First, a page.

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El Niño expected to drench California

Shasta Lake in 2009. El Niño precipitation may help refill the lake after four years of drought. (Photo: CC BY 3.0 by Apaliwal via Commons)
Brace yourself for El Niño. All major climate models indicate that the current El Niño will be the strongest on record in terms of sea surface temperature departures from normal.

Climate scientists refer to the anomaly as ENSO, for El Niño Southern Oscillation. The term describes the fluctuations in temperature between the ocean and atmosphere in the east-central Equatorial Pacific, just west of the Peruvian coast. The area is roughly between the International Date Line and 120 degrees west.

The ENSO cycle has three distinct phases: El Niño, La Niña and neutral. El Niño is defined when sea surface temperature is unusually warm for an extended period of time. La Niña is declared when equatorial Pacific is unusually cool for an extended period of time. Neutral phase is defined when the sea surface temperature is considered normal.

These large-scale changes in the surface water temperatures are linked to changes in the strength of the trade winds blowing from east to west across the region, which impacts weather patterns across the globe.

According to the NOAA Climate Prediction Center and International Research Institute for Climate and Society, a strong El Niño will continue through the Northern Hemisphere during the winter of 2015-16, followed by weakening and a transition to ENSO-neutral during the late spring or early summer.

What does that mean for California? In general, during a strong El Niño, California experiences a wetter than normal winter. During six strong El Niño events (1957-58, 1965-66, 1972-73, 1982-83, 1991-93 and 1997-98), California received 120 to 160 percent of normal precipitation from October through March. In addition to the wetter than average conditions forecast for the 2015-16 rainy season, the winter is also has a warmer than normal temperature outlook.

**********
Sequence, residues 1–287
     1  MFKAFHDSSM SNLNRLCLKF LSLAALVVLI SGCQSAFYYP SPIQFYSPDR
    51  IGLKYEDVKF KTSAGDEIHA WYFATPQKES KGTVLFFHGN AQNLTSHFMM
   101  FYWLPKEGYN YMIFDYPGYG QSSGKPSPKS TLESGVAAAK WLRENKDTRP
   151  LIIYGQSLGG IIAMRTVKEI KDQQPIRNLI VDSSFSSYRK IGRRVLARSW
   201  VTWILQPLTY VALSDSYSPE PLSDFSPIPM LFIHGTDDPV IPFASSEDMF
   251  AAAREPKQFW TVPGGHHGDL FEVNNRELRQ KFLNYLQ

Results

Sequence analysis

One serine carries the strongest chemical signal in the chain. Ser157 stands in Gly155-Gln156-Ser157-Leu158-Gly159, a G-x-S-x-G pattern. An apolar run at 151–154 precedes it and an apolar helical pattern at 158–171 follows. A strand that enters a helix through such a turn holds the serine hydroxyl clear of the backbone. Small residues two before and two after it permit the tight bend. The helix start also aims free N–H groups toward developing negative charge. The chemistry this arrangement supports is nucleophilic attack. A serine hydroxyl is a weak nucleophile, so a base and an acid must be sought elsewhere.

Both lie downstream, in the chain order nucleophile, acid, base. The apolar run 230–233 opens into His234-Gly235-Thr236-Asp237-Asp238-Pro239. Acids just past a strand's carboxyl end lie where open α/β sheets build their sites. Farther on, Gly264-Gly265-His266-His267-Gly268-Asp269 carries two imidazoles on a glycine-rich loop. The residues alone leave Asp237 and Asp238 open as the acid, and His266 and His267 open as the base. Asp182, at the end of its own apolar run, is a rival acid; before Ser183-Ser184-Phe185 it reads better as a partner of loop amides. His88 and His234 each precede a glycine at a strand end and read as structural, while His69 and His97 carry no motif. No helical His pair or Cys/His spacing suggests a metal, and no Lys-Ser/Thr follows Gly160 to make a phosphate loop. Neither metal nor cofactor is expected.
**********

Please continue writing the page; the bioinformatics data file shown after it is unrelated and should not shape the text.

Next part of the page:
Some of the expected outcomes are:

  • Increased risk of flooding for California, since most of the precipitation is expected in the form of rainfall, rather than snow. Increasing streamflow in undammed rivers and quick filling of reservoirs that come with the potential for reservoir releases for flood control.

  • Early bud breaking in many agricultural crops due to warmer than usual conditions. This can have significant yield impact on crops that rely on sufficient chill for proper development, such as citrus, apples, tree nuts and grapes.

  • Increased aquifer recharge through so-called groundwater banking.

UC Agriculture and Natural Resources researchers will continue to monitor the El Niño Southern Oscillation and how it influences weather patterns in California. Future articles will provide detailed discussions on El Niño, with a focus on water resources impacts, effects on crops and potential for groundwater recharge.

An initiative to improve California water quality, quantity and security is part of the UC Division of Agriculture and Natural Resources Strategic Vision 2025.

Authors: Tapan Pathak, UC ANR Cooperative Extension specialist in climate adaptation in agriculture and Samuel Sandoval Solis, UC ANR Cooperative Extension specialist in water resources

Posted on Thursday, November 19, 2015 at 8:34 AM